Masks

 

WHO guidance: Healthy people should wear masks only when ‘taking care of’ coronavirus patients.

Dr. Jenny Harries, England’s deputy chief medical officer, has warned that it was not a good idea for the public to wear facemasks as the virus can get trapped in the material and causes infection when the wearer breathes in.

For the public, they should not wear facemasks unless they are sick, and if a healthcare worker advised them.

“For the average member of the public walking down a street, it is not a good idea,” Dr. Harries said.

“What tends to happen is people will have one mask. They won’t wear it all the time, they will take it off when they get home, they will put it down on a surface they haven’t cleaned,” she added.

Further, she added that behavioral issues could adversely put themselves at more risk of getting the infection. For instance, people go out and don’t wash their hands, they touch parts of the mask or their face, and they get infected.

Masks are recommended for those showing symptoms of a disease, if they are sick, or they have tested positive for COVID-19 since these are designed to prevent the virus from coming out.

Wearing a mask is bad for your health, you are starving the body of oxygen by breathing in carbon dioxide.This stresses the body and lowers the immune system. Especially children. Fact. Mask don’t protect you from any virus.

“By wearing a mask, the exhaled viruses will not be able to escape and will concentrate in the nasal passages, enter the olfactory nerves and travel into the brain.” ~ Russell Blaylock, MD

As for the scientific support for the use of face mask, a recent careful examination of the literature, in which 17 of the best studies were analyzed, concluded that, “ None of the studies established a conclusive relationship between mask/respirator use and protection against influenza infection.”Keep in mind, no studies have been done to demonstrate that either a cloth mask or the N95 mask has any effect on transmission of the COVID-19 virus. Any recommendations, therefore, have to be based on studies of influenza virus transmission. And, as you have seen, there is no conclusive evidence of their efficiency in controlling flu virus transmission.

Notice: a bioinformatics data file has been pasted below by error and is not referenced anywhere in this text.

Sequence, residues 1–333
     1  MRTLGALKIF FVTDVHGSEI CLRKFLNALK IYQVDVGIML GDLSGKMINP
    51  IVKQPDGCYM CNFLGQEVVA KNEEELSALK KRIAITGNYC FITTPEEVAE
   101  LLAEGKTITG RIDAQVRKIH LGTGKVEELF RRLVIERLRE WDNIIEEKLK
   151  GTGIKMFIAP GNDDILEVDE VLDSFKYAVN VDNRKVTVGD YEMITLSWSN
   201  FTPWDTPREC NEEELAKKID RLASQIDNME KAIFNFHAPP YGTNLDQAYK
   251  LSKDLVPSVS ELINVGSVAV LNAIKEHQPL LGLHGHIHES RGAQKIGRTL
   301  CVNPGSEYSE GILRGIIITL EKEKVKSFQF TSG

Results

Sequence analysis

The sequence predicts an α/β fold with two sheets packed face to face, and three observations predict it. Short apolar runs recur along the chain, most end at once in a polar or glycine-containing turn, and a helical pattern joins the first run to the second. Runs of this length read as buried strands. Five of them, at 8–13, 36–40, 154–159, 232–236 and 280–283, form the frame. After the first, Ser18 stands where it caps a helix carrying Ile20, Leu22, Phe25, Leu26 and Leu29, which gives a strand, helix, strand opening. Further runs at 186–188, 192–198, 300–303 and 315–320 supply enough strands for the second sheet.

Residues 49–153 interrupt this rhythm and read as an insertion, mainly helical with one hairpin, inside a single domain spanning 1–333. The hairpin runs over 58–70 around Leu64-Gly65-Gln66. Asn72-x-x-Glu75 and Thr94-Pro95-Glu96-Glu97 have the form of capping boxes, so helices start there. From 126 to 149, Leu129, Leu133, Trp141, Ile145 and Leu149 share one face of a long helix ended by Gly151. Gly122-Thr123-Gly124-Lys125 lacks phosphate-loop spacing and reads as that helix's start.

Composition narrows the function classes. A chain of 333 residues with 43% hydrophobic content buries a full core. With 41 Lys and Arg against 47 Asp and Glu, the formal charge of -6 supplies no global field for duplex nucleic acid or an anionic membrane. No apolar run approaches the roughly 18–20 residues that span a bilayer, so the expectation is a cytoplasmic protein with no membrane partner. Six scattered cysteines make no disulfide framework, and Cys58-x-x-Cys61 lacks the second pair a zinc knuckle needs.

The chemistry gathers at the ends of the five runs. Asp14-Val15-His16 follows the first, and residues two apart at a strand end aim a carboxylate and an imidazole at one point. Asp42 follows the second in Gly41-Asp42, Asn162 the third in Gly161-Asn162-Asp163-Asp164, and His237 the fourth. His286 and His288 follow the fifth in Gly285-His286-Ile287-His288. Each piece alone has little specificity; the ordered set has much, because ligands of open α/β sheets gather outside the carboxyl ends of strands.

Now that we have established that there is no scientific evidence necessitating the wearing of a face mask for prevention, are there dangers to wearing a face mask, especially for long periods? Several studies have indeed found significant problems with wearing such a mask. This can vary from headaches, to increased airway resistance, carbon dioxide accumulation, to hypoxia, all the way to serious life-threatening complications.

The importance of these findings is that a drop in oxygen levels (hypoxia) is associated with an impairment in immunity. Studies have shown that hypoxia can inhibit the type of main immune cells used to fight viral infections called the CD4+ T-lymphocyte. This occurs because the hypoxia increases the level of a compound called hypoxia inducible factor-1 (HIF-1), which inhibits T-lymphocytes and stimulates a powerful immune inhibitor cell called the Tregs. . This sets the stage for contracting any infection, including COVID-19 and making the consequences of that infection much graver. In essence, your mask may very well put you at an increased risk of infections and if so, having a much worse outcome.

The New England Journal of Medicine:

It is also clear that masks serve symbolic roles. Masks are not only tools, they are also talismans that may help increase health care workers’ perceived sense of safety, well-being, and trust in their hospitals. Although such reactions may not be strictly logical, we are all subject to fear and anxiety, especially during times of crisis. One might argue that fear and anxiety are better countered with data and education than with a marginally beneficial mask, particularly in light of the worldwide mask shortage, but it is difficult to get clinicians to hear this message in the heat of the current crisis ~ https://www.nejm.org/doi/full/10.1056/nejmp2006372